Flag 11: He talks about lunar cycles, which you normally don't find in the literature. I've never noticed a correlation between the moon cycles and my OBEs (and yes, I've analyzed it), but it matches what some people (for example, Jason Kish on Facebook) have said:
"I find the best time for OBE to be the week surrounding the full moon, with the first night of the full moon being my prime projection time." (pg. 291)
Flag 14: He talks about lucid dreams and their relationship with OBEs. I've written, blogged, and lectured about the differences (and similarities) between the two. In a nutshell, I believe a lucid dream is an OBE in which you're trapped inside a self-created hallucination (an almost completely subjective experience). Bruce says a very similar thing:
"A lucid dream is a genuine type of OBE, although the dimensional gate traveled through to achieve it is best thought of as being internal." (pg. 322).
Flag 15: He also writes:
"Lucid dreams differ from OBEs in that they often seem much more substantial and realistic. A powerful lucid dream can be indistinguishable from reality, even if entered from the full waking state." (pg. 324).
By comparison, OBEs often have a strange quality to them, even though they are often just as conscious and lucid.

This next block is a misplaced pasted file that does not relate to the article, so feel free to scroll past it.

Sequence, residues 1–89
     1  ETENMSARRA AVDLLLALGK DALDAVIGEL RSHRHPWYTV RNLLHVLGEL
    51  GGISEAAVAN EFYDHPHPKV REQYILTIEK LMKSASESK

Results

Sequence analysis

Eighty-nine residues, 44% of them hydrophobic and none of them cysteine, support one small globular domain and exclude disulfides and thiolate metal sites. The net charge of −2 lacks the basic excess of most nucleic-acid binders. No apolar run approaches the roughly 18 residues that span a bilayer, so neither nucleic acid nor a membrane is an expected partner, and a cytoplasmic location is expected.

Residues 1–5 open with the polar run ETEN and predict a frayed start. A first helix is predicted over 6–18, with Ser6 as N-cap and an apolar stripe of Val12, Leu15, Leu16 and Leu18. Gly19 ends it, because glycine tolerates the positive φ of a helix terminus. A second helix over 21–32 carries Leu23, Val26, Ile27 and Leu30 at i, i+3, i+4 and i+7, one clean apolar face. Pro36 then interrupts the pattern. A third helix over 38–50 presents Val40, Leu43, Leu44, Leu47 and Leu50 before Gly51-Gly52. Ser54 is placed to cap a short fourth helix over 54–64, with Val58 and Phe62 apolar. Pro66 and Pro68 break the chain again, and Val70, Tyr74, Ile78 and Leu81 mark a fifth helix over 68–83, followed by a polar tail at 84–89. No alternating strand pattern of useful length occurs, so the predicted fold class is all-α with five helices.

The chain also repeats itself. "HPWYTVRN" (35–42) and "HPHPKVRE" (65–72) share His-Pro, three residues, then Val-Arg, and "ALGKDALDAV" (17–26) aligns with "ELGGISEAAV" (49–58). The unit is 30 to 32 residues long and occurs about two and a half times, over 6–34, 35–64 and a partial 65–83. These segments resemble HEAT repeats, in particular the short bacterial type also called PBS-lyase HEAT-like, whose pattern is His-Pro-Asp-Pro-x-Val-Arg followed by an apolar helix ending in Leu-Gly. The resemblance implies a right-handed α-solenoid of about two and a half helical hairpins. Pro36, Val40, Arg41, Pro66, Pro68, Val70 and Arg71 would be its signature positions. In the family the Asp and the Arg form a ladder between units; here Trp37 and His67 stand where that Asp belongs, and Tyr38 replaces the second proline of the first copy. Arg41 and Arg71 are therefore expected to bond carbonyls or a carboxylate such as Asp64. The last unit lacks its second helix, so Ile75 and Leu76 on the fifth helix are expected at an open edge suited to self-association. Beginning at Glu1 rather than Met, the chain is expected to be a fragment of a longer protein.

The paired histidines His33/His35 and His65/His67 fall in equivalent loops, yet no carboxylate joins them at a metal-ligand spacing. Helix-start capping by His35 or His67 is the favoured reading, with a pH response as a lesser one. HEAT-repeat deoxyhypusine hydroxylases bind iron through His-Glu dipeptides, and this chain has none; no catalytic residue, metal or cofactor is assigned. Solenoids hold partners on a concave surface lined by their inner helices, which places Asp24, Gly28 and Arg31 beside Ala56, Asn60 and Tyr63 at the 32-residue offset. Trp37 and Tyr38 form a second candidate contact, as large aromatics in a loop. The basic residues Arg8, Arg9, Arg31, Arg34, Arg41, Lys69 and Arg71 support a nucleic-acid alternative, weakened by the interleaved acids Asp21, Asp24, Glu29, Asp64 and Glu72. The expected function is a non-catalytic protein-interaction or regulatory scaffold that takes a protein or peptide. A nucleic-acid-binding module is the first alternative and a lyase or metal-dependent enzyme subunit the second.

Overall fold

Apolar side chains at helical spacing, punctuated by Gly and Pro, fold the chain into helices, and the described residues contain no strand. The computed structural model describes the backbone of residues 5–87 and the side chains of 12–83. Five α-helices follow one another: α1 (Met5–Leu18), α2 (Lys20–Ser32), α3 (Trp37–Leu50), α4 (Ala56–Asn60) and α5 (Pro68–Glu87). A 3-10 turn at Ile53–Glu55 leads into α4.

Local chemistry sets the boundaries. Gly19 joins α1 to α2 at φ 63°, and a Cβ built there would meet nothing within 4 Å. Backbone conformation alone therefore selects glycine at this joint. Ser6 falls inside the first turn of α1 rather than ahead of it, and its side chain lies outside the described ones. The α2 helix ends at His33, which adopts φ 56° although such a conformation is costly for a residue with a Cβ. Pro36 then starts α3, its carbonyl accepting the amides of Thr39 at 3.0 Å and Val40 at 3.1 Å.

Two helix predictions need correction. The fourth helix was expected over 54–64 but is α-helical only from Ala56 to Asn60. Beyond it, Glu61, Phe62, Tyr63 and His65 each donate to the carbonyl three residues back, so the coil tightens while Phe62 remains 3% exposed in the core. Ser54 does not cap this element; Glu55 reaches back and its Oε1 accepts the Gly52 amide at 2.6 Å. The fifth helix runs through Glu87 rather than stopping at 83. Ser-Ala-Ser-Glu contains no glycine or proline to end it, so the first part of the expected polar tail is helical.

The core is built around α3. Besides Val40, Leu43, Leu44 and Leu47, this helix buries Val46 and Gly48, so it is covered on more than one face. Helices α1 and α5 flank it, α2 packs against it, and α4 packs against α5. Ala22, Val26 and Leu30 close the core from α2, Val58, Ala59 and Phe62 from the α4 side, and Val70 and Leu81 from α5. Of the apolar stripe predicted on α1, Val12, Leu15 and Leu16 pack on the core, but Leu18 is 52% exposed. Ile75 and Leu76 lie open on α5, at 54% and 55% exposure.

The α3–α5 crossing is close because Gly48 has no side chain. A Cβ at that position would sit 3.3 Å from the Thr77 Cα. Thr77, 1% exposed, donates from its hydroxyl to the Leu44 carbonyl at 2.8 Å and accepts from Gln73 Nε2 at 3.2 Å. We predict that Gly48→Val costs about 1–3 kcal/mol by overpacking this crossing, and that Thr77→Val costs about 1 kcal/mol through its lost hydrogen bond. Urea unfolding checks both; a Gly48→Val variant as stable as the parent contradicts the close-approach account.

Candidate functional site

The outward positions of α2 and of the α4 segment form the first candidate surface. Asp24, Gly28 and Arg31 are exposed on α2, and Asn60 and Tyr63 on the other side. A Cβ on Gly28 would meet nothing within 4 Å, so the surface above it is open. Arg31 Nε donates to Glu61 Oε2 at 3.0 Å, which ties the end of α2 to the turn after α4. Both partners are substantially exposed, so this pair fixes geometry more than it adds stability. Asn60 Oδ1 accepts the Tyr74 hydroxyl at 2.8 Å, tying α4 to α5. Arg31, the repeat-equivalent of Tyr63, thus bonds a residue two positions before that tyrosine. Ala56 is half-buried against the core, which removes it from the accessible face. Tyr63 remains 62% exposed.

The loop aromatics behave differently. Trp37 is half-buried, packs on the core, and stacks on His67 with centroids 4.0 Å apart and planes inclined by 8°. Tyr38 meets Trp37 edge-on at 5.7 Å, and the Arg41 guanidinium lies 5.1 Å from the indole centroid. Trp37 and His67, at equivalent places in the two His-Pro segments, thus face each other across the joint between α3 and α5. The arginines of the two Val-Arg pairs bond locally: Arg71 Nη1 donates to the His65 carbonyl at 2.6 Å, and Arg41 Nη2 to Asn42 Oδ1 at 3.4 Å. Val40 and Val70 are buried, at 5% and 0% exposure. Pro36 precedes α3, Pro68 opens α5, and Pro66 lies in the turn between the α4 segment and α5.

Flag 16: Bruce talks about another kind of lucid dream:
"One of the most powerful experiences I know of results from deliberately projecting into a lucid dream environment from the full waking state, with no break in consciousness. I call this mind-blowing experience lucid dream projection, although others have also called it WILD (wake induced lucid dream). Although this is technically a lucid dream, it can aptly be called the ultimate out-of-body experience as it has many similarities with a conscious-exit OBE."
"A lucid dream projection is essentially no different from a conscious-exit projection...The only difference of note is that lucid dream projections are far more realistic and true to life than are projections or normal lucid dreams." (pp 329-330).